At the meeting the bishop mentioned that there had been a break-in at the buildings of the Oblatas, the sisters who live in Dulce Nombre. The tabernacle had been broken into, hosts spilled on the floor, and the ciborium taken. I talked a bit with him and in the afternoon went to talk with the sisters. Sor Alba explained what had happened and we planned for a day of prayer in reparation.

On Thursday, we started with a Holy Hour, well-attended, at the place where the hosts had been spilled. I prepared some prayers and ended with Benediction and a procession to the little chapel which had the tabernacle that had been forced open. I exposed the Eucharist for Adoration, which lasted until about 6:45 pm.

I had hoped the bishop would help find us a priest for a Mass on Thursday evening, but that fell through. A visit to the bishop’s office and a few phone calls proved fruitless. So I went into Dulce Nombre for a Celebration of the Word with Communion in Casa Margarita, the sisters’ building.

Friday, I ended up going to San Antonio El Alto to visit the sick. It’s one of the few communities that don’t have a communion minister nearby and so I will be trying to visit every 4 or 6 weeks. I had planned to go on Monday, but I got a call at 6:30 am that the roads were really bad from all the rain; so we agreed that I would go on Friday. One of the delegates accompanied me and we visited five homes and I shared Communion with almost all of them. Finding joy in visiting the sick is one of the graces I have received from my diaconal ordination. I have to do it more.

In February I hope to visit San Agustín, San Antonio el Alto and the neighboring village of Granadillal. San Agustín, which is the center of a municipality, has only one communion minister and she has been experiencing some health problems. I went once in January and will go again in February. However, there are close to twenty sick or shut-ins in San Agustín and the neighboring village of Descombros. The communion ministers decided that we would have about eight communion ministers go on February 11, the Day of the Sick, to visit as many of the ill as we can. The local community will provide guides to take the ministers to the different homes. We’ll start with a prayer in the Eucharistic chapel in San Agustín. I am looking forward to this day.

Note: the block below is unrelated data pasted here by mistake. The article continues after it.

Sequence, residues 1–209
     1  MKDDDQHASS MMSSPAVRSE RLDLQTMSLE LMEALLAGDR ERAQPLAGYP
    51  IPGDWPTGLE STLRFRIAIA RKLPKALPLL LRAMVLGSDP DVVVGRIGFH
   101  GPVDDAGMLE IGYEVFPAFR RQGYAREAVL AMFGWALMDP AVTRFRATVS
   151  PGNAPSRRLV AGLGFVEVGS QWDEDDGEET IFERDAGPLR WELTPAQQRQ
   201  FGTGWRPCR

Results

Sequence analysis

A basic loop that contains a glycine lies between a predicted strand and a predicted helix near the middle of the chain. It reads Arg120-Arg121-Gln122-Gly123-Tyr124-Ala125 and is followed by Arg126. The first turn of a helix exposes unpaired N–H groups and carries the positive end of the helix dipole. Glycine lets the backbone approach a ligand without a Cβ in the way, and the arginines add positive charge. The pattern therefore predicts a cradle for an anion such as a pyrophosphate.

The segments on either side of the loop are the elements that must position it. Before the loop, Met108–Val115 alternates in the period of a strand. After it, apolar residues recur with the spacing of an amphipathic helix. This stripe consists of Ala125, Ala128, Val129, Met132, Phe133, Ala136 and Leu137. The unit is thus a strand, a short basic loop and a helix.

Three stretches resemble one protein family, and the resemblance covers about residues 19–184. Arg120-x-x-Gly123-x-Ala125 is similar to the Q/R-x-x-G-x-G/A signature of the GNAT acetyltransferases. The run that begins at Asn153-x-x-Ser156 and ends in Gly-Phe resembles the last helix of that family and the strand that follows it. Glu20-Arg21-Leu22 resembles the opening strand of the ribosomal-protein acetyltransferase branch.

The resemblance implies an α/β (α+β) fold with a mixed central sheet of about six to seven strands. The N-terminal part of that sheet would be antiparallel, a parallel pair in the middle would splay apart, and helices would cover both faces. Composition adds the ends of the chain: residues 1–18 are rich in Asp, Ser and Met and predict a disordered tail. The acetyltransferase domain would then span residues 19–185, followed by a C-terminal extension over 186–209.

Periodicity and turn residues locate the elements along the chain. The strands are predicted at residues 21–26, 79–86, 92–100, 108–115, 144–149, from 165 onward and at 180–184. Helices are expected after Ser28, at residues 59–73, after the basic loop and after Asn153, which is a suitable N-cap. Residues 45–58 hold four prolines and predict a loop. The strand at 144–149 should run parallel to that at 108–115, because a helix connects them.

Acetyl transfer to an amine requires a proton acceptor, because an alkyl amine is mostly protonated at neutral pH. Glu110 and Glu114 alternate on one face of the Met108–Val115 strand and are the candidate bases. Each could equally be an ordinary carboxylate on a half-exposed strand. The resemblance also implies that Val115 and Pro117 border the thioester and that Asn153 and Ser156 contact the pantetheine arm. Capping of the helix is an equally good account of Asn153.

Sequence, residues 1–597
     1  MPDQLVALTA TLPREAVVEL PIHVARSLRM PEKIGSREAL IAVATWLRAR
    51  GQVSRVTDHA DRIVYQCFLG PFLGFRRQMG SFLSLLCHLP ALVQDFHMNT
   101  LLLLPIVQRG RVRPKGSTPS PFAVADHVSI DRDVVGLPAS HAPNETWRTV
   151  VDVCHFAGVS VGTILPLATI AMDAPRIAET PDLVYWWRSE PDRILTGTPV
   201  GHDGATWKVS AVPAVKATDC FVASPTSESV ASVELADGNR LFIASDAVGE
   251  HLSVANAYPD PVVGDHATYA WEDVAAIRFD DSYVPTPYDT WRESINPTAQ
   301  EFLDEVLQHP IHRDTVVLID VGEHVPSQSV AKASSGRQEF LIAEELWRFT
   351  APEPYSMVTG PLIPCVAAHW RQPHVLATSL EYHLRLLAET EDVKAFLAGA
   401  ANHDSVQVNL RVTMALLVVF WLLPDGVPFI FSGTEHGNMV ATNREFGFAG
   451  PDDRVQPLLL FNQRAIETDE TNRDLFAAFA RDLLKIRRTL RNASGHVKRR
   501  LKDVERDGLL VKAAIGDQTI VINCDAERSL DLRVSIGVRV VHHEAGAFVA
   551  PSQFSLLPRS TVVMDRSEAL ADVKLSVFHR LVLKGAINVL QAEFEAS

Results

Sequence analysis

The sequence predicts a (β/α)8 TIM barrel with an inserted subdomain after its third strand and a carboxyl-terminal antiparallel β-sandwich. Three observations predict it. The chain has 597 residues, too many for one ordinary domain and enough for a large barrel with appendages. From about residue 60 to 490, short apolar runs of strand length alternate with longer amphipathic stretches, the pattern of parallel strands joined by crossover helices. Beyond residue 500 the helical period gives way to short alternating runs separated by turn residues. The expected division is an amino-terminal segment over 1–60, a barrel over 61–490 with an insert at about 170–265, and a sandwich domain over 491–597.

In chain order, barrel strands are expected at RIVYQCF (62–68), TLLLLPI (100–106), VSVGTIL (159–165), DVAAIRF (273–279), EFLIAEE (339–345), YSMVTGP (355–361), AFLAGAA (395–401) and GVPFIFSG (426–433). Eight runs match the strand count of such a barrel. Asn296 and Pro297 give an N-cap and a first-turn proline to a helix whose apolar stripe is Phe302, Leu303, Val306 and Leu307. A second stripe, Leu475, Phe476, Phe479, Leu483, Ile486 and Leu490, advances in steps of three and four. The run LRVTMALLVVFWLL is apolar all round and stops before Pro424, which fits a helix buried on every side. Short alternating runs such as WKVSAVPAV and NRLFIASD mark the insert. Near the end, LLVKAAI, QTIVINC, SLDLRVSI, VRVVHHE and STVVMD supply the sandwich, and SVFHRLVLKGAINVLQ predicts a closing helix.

Friday afternoon I finished preparing for the assembly of Delegates of the Word.

Saturday evening I went to Dolores for the evening Celebration of the Word with Communion. Sunday, I had a work-out: four Celebrations of the Word with Communion in fur different places. I don’t know how our pastor does this every weekend, since he usually has four Masses every Sunday and occasionally two more! But it is a blessing to be able to serve the people.

One of the surprises was the Celebration on Sunday morning in the chapel of San Antonio in Dulce Nombre. I’ve been there many times – sometimes for Mass and a few times for Celebrations of the Word with Communion. Sunday it was packed, with people standing. The other joy of celebrating together in San Antonio is that there is a choir of children. One of the parish musicians is working with these young people – and there is even one boy who is playing the guitar. It is wonderful to see such participation of children and young people.

Around the house, things are a little hectic. They are tearing down the building that was used for church meetings and building a new one. They didn’t tell me much and I am glad I was there when they started since they would have put the roof tiles in places which would have made my life a lot more difficult. I am not very good at responding immediately when there is something that affects my comfort; the sudden announcement by one person about where they would put the tiles and how the construction might make it difficult to park my car close to the house was a bit disconcerting, to say the least.

Monday, they cut down some trees near the house for the construction of a large building for meetings. They are supposed to finish taking down the old building this week – with heavy machinery! Lord, give me patience and trust!

This morning, I worked on the list of participants in the assembly of delegates last Saturday so that I can give the pastor an update.

I also went through some scholarship applications. For several years, the parish of St. Thomas Aquinas in Ames, Iowa, has been helping with partial scholarships for students participating in alternative educational opportunities locally. There is a program called Maestro en Casa, mostly for what the US would call middle school and high school. The students have classes on the weekend but there are workbooks and radio programs that help them prepare for the weekend classes. This year the demand has increased. There are centers of Maestro en Casa in four places in the parish. There were 92 requests from students entering seventh to ninth grade and 56 for students entering tenth to twelfth grade. The partial scholarship aid is more than five thousand dollars!

It might be helpful to know that there are two other opportunities, that I know of, that students in our parish are taking advantage of.